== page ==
Today I am outraged! I bottled peaches this morning and now have these stickers gracing the fruit boxes, floor and kitchen sink. 11 peaches = 11 stickers for these two jars of preserved peaches. To add insult to injury these came directly from an orchard as seconds and some didn’t have stickers. I am bitterly disappointed – why do we need to label each piece of fruit? I am so over eating an apple and finding a portion of a label in my mouth. Surely the grower details on the fruit boxes at point of sale is adequate Quality Assurance and traceability?
Maybe we should label individual carrots,potatoes and onions with grower number and variety?????? But wait we could go nuts, pardon the pun, and label all walnuts, Brazil nuts and whatever nuts are on sale!
Can MK save our planet from fruit stickers? What solutions do you have for this wicked problem?
Anna B – MK Alumni
Hi I am Issy and I have always been a person who loves nature and animals and I always want to help them. We went to Bali for a holiday and I know for a fact their beaches and streets are full of rubbish. Immediately I wanted to do something about it so I asked my Aunty Emma if we could do a beach clean up. We searched on line for a charity called Trash Heroes, they clean up the beach every week on Monday. When we went to help out we and found a huge amount of rubbish. My heart instantly sank and I thought we would never be able to clean up the area. There were only about 20 people there but we did an absolutely amazing job.
I also try to help the BAWA Bali which helps Bali dogs. They have lots of dogs they help feed and home.
I also join Clean Up Australia Day every year. We try to get as many people as possible to help out at our local beach. I absolutely love all animals and will do anything I can to help them. If you see something that isn’t right, then make sure you help out in some way.
Join the Movement!
What are you doing? What can you do? What will you do? Do you need our help? Tell us about your action or project. Send us an email email@example.com
#1000actionsfortheplanet #lifeonland #lifebelowwater
I rather like the secret grove of paperbarks on the river. It is a great place for imagining – imagining what the river was like before colonisation, asking the big questions:
How has it changed over time?
What will it look like in the future?
I take students to this little secret place of mine because their imaginations go wild, too. You can see it in their faces as I set the scene. Walk quietly, listen to the sounds. Close your eyes, imagine the past, the birds, the families who hunted here, the Chinese who managed the market gardens. I share stories of swimming in the river, the birds, the people I have met who have shared their stories, too. Of Tom Hungerford as he opened the gate in the cold of the morning to look for cows, of Uncle Noel Nannup teaching me Nyoongar names, of the spirits that sit above the trees watching over us as we talk about the role of custodians, carers for our river, now and in the future.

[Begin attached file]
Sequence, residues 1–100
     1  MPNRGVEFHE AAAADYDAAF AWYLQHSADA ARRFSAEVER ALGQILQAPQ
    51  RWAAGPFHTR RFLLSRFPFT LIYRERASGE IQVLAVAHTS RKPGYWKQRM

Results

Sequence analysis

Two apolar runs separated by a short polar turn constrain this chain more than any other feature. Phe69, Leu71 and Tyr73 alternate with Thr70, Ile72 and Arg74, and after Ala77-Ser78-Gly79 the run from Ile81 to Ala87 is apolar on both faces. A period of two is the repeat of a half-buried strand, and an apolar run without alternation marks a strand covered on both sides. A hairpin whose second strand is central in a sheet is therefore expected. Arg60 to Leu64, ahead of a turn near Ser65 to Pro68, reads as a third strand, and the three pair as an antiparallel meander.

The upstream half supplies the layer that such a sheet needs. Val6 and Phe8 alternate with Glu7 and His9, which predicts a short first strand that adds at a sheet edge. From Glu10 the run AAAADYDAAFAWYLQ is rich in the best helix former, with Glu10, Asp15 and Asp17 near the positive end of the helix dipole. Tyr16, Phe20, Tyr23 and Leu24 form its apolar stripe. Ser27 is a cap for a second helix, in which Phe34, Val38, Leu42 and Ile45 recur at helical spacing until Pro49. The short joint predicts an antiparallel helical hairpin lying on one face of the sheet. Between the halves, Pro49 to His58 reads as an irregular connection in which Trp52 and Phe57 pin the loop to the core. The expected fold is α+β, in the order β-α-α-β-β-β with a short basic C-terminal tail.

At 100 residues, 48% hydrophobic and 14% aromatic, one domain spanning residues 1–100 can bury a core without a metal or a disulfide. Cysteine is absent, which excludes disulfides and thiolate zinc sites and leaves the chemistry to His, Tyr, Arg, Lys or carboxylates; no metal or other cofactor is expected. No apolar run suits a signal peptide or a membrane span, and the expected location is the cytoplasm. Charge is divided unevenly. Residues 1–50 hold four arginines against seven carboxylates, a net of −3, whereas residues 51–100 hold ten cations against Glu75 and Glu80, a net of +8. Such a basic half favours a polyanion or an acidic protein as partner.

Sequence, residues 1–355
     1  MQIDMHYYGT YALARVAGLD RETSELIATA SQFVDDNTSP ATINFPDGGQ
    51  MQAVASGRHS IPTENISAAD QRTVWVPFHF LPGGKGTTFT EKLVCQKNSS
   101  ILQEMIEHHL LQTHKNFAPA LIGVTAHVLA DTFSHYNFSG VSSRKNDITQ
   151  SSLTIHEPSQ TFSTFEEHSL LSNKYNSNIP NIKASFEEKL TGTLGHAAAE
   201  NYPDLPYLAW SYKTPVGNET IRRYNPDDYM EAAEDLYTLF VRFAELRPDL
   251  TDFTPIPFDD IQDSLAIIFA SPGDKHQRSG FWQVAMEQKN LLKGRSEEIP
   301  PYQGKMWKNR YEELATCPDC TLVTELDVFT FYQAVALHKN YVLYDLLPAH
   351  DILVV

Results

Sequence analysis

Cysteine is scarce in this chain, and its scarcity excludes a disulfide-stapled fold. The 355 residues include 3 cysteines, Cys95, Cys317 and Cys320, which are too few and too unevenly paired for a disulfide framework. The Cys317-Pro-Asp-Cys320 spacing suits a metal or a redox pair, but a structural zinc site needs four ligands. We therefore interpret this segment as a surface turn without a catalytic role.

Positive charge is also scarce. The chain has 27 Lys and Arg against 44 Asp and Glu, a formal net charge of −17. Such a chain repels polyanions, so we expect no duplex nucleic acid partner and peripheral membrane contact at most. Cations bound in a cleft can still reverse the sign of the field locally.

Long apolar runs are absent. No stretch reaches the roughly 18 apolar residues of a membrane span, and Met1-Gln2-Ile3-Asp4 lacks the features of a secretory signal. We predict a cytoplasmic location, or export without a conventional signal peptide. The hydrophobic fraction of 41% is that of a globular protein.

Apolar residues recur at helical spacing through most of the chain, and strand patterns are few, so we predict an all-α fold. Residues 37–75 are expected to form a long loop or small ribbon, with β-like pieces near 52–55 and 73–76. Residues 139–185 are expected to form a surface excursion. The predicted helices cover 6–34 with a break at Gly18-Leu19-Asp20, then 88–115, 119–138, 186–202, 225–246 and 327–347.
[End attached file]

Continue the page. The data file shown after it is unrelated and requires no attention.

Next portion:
Today was no different.
The students talk non stop on the way back to the classroom:
- Does dog poo make the river sick?
- Did you see the chitty chitty?
- Will those trees be affected by climate change?
- Why did people take the trees out?
- What poison is in the cigarette butts?
These questions will form the basis of the next 9 weeks of Green Lab, where students from Wesley College will explore the river alongside scientists, artists and elders to learn about the area and make a plan to care for country. They’ll even get to meet Prof Lyn Beazley AO, Chief Scientist for WA 2006 – 2013.
Cat CEO Millennium Kids
For more information about how your school can get involved in this program email firstname.lastname@example.org
How nice is it to be out and about with the warm summer weather!! There are so many places you can go at the moment to have a meal from a food van- they are at our local Saturday farmers markets, twilight markets and food truck nights in the local park. You can go along, eat, listen to music and have a look around, but have you thought about the waste they generate?
All vans use disposable plates – mostly cardboard and plastic cutlery, so even though some of them biodegrade imagine how much waste each event makes?
We have decided to take our camping plates and forks as well as a sealable container to do our bit for the Waste Free Movement. We also ride our bikes which saves us time in the traffic, finding parking and the ride home in the dark is always an adventure!
What can you do for the MK Waste Free Movement?
MK Reporters in Action – Pheonix and Ebonie